, , , , ,

2012 Unblogged as a category is not subtraction like unplugging a lamp or phone, nor is it deleting—I am not taking away but adding. You might ask, why return to 2012, we’re finished with that year, the shopping sprees; holiday extravagances vanished over the New Year’s waterfall.

2012, unrelated: campfire pizza [katie eberhart]

2012, unrelated: campfire pizza [katie eberhart]

But I’m not quite done, not ready to let 2012 slide into the morass of years past; I think maybe, rereading my journals, I might have missed something—let a good moment slip out of my grasp, like walking along Bend’s Galveston Avenue last spring. My purpose: a haircut but I had been blogging (and thinking) about smells and scents and where you encounter them and, fleeting as they might be, how to document them. My walk on a sidewalk, crossing side streets—Fourteenth, Thirteenth, Twelfth, Federal—was completely linear and yet contextually was more like a droplet sizzling on a hot skillet. A moment vanishing. Me walking and breathing.

April 18 2012
Smells along Galveston Avenue, Bend, Oregon:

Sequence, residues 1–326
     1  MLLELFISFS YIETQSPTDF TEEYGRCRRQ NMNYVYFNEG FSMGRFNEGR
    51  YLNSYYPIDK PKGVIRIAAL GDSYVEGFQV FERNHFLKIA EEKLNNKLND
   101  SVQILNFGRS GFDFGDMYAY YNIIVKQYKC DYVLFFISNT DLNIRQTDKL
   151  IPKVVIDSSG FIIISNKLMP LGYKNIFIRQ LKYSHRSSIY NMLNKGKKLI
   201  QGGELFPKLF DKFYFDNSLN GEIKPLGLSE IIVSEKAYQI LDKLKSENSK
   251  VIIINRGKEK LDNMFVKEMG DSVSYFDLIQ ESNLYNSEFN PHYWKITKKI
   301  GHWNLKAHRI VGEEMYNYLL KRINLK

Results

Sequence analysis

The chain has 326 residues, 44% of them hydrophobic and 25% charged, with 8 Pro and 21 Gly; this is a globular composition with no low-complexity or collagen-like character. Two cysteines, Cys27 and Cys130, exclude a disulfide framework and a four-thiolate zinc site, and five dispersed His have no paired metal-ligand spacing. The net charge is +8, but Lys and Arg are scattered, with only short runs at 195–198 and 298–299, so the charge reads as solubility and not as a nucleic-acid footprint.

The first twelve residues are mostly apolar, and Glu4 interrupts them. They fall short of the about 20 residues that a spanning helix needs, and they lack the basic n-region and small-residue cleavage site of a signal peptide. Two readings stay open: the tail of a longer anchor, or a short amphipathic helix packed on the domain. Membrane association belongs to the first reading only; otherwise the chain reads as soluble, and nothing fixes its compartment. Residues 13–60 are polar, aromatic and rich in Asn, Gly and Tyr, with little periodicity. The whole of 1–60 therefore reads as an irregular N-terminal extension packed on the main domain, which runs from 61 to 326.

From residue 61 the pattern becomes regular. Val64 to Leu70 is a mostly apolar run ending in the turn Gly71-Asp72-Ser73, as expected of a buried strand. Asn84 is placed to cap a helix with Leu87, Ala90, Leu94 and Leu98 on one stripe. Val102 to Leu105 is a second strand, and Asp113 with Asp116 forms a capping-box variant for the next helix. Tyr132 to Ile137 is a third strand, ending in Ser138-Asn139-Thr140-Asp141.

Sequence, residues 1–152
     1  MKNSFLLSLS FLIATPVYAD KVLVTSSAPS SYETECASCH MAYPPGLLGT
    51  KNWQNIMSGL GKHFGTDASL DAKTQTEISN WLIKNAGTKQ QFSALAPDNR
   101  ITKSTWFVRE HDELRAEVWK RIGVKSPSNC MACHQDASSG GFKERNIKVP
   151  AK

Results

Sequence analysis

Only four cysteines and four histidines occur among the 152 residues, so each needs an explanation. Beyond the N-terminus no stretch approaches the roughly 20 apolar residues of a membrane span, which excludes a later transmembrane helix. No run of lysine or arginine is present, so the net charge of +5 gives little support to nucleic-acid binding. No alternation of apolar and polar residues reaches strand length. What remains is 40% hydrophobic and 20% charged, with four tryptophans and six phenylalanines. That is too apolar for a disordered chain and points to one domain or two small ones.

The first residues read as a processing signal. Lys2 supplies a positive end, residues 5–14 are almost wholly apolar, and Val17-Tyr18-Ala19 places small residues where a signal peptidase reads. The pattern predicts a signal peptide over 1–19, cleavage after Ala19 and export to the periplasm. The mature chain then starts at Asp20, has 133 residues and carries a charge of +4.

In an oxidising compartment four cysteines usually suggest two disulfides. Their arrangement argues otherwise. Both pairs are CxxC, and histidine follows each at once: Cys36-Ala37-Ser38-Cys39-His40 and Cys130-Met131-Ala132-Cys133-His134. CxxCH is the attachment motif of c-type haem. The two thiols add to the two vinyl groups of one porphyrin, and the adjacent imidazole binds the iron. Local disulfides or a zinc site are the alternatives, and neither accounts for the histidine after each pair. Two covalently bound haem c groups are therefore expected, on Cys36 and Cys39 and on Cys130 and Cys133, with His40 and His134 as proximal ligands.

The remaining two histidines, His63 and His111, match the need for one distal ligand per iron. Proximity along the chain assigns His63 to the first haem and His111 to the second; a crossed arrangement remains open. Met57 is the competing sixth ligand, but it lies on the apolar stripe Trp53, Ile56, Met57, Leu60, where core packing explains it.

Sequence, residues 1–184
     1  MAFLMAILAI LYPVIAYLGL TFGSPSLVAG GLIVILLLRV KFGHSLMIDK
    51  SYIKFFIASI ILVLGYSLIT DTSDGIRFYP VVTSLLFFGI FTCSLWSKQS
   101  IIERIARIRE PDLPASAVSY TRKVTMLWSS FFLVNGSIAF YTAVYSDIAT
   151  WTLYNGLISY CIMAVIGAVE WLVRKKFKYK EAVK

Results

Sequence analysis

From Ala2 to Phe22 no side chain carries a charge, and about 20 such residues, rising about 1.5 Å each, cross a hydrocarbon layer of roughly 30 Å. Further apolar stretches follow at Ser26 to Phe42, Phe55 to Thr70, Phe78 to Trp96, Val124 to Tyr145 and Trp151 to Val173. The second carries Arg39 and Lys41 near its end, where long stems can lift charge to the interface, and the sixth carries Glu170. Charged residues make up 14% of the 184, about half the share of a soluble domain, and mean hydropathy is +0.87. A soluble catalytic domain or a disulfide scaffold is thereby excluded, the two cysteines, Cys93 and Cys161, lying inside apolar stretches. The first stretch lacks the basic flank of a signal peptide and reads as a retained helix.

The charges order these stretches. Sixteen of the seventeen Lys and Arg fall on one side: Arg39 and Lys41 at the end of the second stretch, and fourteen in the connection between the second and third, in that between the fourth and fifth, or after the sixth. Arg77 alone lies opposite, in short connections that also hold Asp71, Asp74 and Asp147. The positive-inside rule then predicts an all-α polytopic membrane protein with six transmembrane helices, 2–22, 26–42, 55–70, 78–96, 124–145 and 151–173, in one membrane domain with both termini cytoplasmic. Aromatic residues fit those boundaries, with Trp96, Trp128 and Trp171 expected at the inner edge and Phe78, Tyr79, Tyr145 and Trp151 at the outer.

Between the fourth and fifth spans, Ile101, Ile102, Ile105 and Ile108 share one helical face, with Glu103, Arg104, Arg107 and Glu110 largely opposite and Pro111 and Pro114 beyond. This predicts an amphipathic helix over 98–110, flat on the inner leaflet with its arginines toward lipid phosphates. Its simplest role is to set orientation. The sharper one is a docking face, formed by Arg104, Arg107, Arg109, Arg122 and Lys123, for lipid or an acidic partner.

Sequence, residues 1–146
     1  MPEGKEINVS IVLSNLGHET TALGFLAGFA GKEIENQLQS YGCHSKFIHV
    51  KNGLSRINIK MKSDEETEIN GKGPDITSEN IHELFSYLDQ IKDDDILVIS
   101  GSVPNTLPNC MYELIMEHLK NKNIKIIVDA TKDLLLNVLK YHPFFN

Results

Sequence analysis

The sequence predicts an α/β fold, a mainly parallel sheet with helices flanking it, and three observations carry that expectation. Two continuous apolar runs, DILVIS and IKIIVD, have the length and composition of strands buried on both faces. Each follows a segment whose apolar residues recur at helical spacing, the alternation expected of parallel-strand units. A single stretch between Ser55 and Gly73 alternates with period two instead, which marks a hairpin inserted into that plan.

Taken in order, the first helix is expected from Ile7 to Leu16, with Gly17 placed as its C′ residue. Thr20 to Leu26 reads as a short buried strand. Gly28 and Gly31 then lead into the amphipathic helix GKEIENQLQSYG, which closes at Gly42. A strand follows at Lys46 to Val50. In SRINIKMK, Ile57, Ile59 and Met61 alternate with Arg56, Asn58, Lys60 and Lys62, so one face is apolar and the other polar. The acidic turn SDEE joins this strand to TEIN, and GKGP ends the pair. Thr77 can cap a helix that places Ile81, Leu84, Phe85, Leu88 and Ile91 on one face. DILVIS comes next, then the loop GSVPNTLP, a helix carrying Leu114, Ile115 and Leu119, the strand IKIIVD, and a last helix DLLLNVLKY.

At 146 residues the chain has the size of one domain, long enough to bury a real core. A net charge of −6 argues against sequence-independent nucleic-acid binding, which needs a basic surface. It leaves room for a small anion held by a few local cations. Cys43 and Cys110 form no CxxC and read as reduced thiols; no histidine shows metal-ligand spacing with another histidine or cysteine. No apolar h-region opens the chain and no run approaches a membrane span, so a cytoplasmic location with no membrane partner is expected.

10:58:59  Ponderosa Pine pitch
11:02:28  Burned tacos
12:00:44  Hamburgers near Ten Barrels brew pub
12:01:23  Rabbit dung
12:04:21  By the 7-11 smell like sugar syrup or cotton candy
12:06:03  Auto exhaust/hydrocarbons burgers chicken dung
12:07:40  Burgers/blue-and-green food trailer “crazy delicious”
12:11:38  Tacos cooking
12:11:53  Breeze from the west
12:13:07  Grill smell grease and smoke
12:13:16  Curry
12:21:49  Ponderosa Pine pitch

A feature of electronic note taking is that the time is recorded, giving the appearance of precision and yet a map would show scents as regions except with shifting borders so sometimes burgers nudge into tacos, other times curry is its own country.

Each scent might be the jumping off point into the non-linear web of memories or other connections—themes, perhaps—like John McPhee wrote of in a recent New Yorker article:

“After ten years of [writing chronologically] at Time and The New Yorker, I felt both rutted and frustrated by always knuckling under to the sweep of chronology, and I longed for a thematically dominated structure.” (John McPhee, “Structure,” The New Yorker, 1/14/2013 [46-55].)

In many ways a blog solves this problem, presenting a collection of ideas that can then be called up by category, skipping entire months, offering collections of what interested the blogger at certain moments, and what they revisit, maybe with new insights, a year later.